Recently a South Asian high school junior informed his father with great enthusiasm, that he was very much interested in mental health and wants to become a psychiatrist. His father expressed his serious concerns that as a psychiatrist, talking to lot of mentally ill people might make him mentally ill. He tried to discourage his son from pursuing a career in mental health.

Such misperceptions are not uncommon in our community. There are many other myths about mental illness in South Asians. This is woven in with the strong stigma associated with mental illness. People can be highly educated with graduate degrees, PhD, or MD degrees. It does not matter. Such education does not necessarily help overcome stigma and poor understanding of mental illness.

Another common myth is that in order to seek psychiatric treatment e.g., psychotherapy, counseling or even medications, one has to be “totally out of one’s mind.” That is so not true. In fact, some of the common problems that can be helped with psychiatric treatment are anxiety, depression, ADHD, insomnia, substance abuse, panic attacks and so on. When you meet these people, you cannot tell by just looking at them that they have some kind of mental illness. In fact, if you look around in your circle, you will likely find someone who has had mental health challenges even if it is recent COVID-19 related stress and anxiety.

Such myths and ignorance can be a major hindrance to seeking help when needed. Some minimize or deny the problems and discourage their loved ones from seeking help. They say things like, “Oh, just work hard, focus on your work, you will get over it. It is just a passing phase.” Unfortunately, this can lead to protracted suffering for the individual without proper help. Besides emotional suffering, their lives and functioning can be affected. For example, their performance in school might deteriorate and their relationships can suffer. And, tragically, sometimes it can result in suicide. It can also result in well-intentioned but misguided advice to others like the youth mentioned earlier in this post was being discouraged from pursuing a career in mental health.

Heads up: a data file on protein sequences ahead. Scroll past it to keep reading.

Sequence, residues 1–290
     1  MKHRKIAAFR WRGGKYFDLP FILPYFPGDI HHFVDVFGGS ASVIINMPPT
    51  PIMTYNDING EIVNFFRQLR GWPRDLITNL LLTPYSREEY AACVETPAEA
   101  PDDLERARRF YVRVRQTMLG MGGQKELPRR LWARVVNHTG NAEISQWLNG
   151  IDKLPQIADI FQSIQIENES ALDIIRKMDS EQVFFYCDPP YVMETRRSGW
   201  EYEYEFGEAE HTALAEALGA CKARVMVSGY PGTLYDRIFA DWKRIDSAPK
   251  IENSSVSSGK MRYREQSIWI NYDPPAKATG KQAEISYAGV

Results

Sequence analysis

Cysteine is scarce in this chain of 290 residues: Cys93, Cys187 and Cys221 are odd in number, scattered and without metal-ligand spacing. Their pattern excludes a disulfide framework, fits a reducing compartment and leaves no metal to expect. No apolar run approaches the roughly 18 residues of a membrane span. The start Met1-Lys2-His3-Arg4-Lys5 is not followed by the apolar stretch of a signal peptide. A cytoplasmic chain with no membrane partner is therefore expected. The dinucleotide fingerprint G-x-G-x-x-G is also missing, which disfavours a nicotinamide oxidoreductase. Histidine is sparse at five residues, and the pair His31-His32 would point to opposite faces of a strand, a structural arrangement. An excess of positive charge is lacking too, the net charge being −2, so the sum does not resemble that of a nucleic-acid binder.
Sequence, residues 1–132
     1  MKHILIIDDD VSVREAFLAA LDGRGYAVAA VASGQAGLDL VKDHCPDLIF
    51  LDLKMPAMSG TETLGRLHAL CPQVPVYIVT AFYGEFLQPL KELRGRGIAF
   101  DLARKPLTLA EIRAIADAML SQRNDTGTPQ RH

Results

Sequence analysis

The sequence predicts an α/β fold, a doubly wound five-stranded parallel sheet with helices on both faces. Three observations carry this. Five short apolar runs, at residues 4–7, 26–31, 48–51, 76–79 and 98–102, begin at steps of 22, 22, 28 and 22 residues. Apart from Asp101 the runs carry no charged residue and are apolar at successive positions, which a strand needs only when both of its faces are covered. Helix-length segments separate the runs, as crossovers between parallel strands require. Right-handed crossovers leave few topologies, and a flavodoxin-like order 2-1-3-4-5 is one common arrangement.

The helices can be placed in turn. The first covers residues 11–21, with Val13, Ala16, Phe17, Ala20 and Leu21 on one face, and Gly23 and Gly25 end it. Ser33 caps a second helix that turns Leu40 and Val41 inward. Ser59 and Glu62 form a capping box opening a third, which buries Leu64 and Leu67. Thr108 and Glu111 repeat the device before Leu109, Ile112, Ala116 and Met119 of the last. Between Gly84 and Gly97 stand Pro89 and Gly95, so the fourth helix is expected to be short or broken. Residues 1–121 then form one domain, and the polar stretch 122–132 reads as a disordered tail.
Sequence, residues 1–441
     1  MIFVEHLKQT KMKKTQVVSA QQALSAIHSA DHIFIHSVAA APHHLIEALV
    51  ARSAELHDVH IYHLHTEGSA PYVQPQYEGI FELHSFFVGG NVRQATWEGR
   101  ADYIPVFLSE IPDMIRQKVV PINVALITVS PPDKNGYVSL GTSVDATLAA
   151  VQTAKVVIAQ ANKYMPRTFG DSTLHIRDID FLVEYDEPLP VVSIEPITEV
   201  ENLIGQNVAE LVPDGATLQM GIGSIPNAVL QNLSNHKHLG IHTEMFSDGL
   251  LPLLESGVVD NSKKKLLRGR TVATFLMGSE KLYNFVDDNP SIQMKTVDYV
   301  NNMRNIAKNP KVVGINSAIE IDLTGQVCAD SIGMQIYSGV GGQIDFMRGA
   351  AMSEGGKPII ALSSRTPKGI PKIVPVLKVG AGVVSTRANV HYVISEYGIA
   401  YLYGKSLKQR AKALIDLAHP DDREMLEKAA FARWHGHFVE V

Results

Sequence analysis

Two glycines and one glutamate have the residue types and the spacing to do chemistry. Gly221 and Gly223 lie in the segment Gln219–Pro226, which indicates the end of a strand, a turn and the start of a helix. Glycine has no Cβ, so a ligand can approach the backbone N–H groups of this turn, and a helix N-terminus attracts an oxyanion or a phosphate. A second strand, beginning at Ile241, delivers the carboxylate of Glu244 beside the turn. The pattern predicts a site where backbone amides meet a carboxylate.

So, remember, while an individual’s mental illness, like any other medical illness, can have impact on others like family, friends, and co-workers, it is not contagious. It is not COVID19! Speaking with or living with a mentally ill person does not make you mentally ill. I think psychiatry is a great field, and it empowers the person to help alleviate the suffering of so many people.

There are many other myths about mental illness. Stay tuned to read about these in future blog posts.

Dr Makhija, SAMHIN PresidentBy Vasudev N Makhija, MD
President, SAMHIN

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